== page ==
Appreciation — March 19, 2014, 6:11 pm

Matt Power: Headlamp a Must

Matthew Power. Courtesy SilentUK.com / GQ

Matthew Power. Courtesy SilentUK.com / GQ

January 1998. In the windowless office shared by the Harper’s interns, I meet this hippie dude from Vermont: ponytail, spectacles of the sort favored by engineering students, lumberjack shirt. Matt Power. Others who’ve written remembrances of Matt have remarked on the poetry of his surname. In the spring of 1998, we treated it as if that were a thing — Matt power. If you had Matt power, you could recite entire episodes of The Simpsons by heart, along with passages from Moby-Dick. You could get yourself photographed by the New York Times while up a tree across from City Hall, wearing some sort of goofy sunflower headdress — some sort of goofy sunflower headdress and that goofy grin, goofy but also beautiful and disarming, scrolling upwards into impish fiddleheads at the corners.

If you had Matt power, you could take up with a bunch of squatters in a derelict building in the South Bronx, as Matt did the year after we met. For some reason, I’ve always pictured him camped out on the building’s roof, hanging his flannel underwear out to dry on a telephone wire, perhaps, or roasting a pigeon on a spit.

For all of his brainy bookishness and street smarts, Matt in the spring of 1998 was a greenhorn. We all were, but there was an innocence about him, some portion of which he never lost. I was only two years older, twenty-six to his twenty-four, which at the time seemed like a big difference and now seems like nothing. The other two interns in our cohort, Sarah Vos and Seth Ackerman, were younger still. Seth was, what, nineteen? The youngest intern Harper’s ever hired, I’m pretty sure. Young as he was, Seth could seem older than Matt, less innocent. Seth was precociously world-weary, whereas Matt would never weary of the world.

I’ll be honest, cooped up together in that windowless room day after day, Matt sometimes got on my nerves. Enough with The Simpsons already! Take a shower! See anyone else around here with a ponytail? In May, when our internship was nearing its end and we were all frantically hunting for jobs, I called Matt from another room and introduced myself as Peter Canby, director of The New Yorker’s fact-checking department, to which Matt had submitted a resumé, and he fell for it, my Peter Canby act. And afterwards, he grinned, a bit sheepishly, but he was crestfallen. I only remember that prank because years later, Matt would remind me, grinning and shaking his head, delighted now, “Remember when you pretended to be Peter Canby? Man, I totally fell for that.”

He fell for it not because he was gullible, I think, but because he believed unquestioningly that his talents were commensurate to his dreams. Why shouldn’t The New Yorker be calling? And he was right, his talents were commensurate to his dreams, which says something, considering the grand implausibility of his dreams.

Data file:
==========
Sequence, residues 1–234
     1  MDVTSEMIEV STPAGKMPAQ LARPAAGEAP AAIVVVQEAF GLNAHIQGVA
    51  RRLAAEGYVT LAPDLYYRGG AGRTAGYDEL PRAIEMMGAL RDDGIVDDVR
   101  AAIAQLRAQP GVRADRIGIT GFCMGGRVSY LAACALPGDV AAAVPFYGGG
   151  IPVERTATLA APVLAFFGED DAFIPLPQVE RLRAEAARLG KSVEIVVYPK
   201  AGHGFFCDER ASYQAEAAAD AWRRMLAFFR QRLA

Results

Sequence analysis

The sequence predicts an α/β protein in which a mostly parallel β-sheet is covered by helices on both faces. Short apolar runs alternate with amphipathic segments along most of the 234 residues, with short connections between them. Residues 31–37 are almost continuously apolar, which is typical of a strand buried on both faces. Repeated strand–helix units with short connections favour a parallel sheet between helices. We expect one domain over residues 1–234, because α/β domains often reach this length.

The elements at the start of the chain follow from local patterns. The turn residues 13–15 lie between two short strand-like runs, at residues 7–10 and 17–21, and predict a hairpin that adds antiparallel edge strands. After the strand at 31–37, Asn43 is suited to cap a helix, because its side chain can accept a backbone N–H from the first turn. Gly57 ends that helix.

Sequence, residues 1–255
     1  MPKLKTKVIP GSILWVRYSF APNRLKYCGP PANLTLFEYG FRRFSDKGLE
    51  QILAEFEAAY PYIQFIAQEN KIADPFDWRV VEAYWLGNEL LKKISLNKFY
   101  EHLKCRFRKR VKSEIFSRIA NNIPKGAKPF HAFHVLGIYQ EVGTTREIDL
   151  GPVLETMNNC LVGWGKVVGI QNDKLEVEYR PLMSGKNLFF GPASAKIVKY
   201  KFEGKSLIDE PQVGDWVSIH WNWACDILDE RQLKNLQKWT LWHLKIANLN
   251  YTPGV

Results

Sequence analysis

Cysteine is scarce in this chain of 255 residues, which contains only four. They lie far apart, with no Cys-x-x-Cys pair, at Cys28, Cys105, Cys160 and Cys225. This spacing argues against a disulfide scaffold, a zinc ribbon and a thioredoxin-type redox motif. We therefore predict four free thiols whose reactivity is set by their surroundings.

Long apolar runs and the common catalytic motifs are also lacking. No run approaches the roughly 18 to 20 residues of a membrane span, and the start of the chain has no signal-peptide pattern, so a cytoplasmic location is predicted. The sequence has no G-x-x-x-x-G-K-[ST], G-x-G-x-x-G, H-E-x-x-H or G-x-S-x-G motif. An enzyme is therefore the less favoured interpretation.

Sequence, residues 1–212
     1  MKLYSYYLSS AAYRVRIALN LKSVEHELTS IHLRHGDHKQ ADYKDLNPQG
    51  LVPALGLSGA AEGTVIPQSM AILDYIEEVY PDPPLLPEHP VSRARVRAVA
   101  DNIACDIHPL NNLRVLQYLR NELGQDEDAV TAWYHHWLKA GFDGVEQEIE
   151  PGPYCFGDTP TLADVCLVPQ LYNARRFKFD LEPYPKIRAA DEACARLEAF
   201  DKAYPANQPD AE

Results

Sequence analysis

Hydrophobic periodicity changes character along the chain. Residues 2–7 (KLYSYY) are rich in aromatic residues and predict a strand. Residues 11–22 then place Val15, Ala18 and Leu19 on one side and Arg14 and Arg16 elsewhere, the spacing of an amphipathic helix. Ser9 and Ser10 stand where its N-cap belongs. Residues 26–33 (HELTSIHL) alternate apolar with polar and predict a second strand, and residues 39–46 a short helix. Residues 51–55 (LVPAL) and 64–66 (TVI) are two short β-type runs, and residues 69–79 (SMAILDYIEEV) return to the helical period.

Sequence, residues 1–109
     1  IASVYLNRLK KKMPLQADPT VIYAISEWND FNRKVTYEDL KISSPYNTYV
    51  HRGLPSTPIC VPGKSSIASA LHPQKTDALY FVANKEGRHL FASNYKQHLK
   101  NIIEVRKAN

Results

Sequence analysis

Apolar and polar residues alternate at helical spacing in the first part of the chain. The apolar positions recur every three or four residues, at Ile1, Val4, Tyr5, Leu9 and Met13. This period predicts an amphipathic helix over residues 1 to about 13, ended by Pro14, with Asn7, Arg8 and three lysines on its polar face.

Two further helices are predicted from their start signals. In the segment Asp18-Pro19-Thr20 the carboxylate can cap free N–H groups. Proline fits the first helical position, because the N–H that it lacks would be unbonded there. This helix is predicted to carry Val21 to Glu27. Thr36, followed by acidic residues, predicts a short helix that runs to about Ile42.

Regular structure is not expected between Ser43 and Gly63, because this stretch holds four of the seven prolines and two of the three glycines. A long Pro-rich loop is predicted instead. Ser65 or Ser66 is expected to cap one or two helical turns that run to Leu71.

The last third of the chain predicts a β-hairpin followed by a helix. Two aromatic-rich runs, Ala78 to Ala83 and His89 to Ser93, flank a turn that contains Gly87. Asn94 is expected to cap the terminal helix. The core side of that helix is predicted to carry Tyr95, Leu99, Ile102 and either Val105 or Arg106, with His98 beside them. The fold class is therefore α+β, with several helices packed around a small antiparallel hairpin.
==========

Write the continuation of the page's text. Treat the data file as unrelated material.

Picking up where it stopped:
“I have been thinking a lot about how we’d tease him in those days,” Seth wrote me recently. “Didn’t we always tease him about Moby-Dick somehow? Was it because he was obsessed with the book or something? Can’t remember. In any case, maybe that’s what implanted a certain future book title in your brain.” Seth’s right that Matt loved Moby-Dick, and I think it was through our shared enthusiasm for certain writers — Melville, Frazier, Matthiessen, Lopez, McPhee, a list we kept adding to over the years — that Matt and I went from internship to friendship.  

As it happens, this week, I’m teaching The Songlines by Bruce Chatwin, a writer I first read at Matt’s recommendation, and rereading the book, which is at its heart an essay on “the nature of human restlessness,” I keep thinking of Matt, who was much more Chatwin’s literary heir than I ever could be. Paraphrasing Pascal, Chatwin asks, Why “must a man with sufficient to live on feel drawn to divert himself on long sea voyages? To dwell in another town? To go off in search of a peppercorn?” I would like to know Matt’s answer.

Since his death, people have been asking me if Matt and I were close, and I don’t hesitate to say yes, but our closeness was more a matter of time than place; it was the closeness of accumulated history. I never lived in Brooklyn, so I visited the house on Hawthorne Street less often than other friends of Matt and his wife, Jess. He and I were close because we’d set out together with a sense of common purpose. We’d known each other when we were both lowly greenhorn interns and when our careers as writers were still fantasies, and then slowly, arduously, luckily, separately but in tandem, competing with each other and cheering each other on, we’d acted those fantasies out and made them real. I never traveled with Matt on one of his expeditions, but since meeting him in 1998, I’ve always felt that I was traveling with him on the grand adventure of our lives.

A scientist I once wrote about told me that there are two kinds of oceanographers: Those who go to sea and those who go to the lab. The same tends to be true of writers. Matt was unambiguously the former sort, and for a long while, I suspected I was doomed to be the latter. I reconciled myself to the editorial office and the classroom, enviously following Matt’s seafaring from afar. While he was motorcycling in Kashmir, I was in Ann Arbor earning an MFA in poetry. We had the occasional drink, saw each other every year at the Harper’s Christmas party, read each other’s work when it appeared in print. We shared friends, an agent, an editor. We shared an abiding love of this magazine, which had been for both of us, as it has for many other writers and editors over the years, what the Pequod was for Ishmael: our Harvard and our Yale.

In 2007, during my last semester as a high school English teacher, I emailed Matt to invite him to visit my twelfth-grade literary journalism course. “Greetings from the Galapagos,” he replied. “I’m here working on a couple of stories (just sailed across from panama), and am flying tomorrow to Quito for a week and then back to NYC on the 18th. I’d be delighted to talk to your class.” He came on a spring afternoon in early May. Having long since lost the ponytail and traded the woodsman’s getup for a blazer of chestnut suede, face tan from his voyage to the Galapagos and grizzled with a day or two of stubble, he cut a dashing figure.

He’d recently published what remains one of my favorites pieces of his, “The Magic Mountain: Trickle-down economics in a Philippine garbage dump,” and I’d assigned it to my students. The subtitle suggests to readers that we may be in for a dreary trip. We are, and we aren’t. There’s a reason — other than a weakness for literary allusions on the part of Harper’s editors — that the word magic appears in the title. Matt was an alchemist.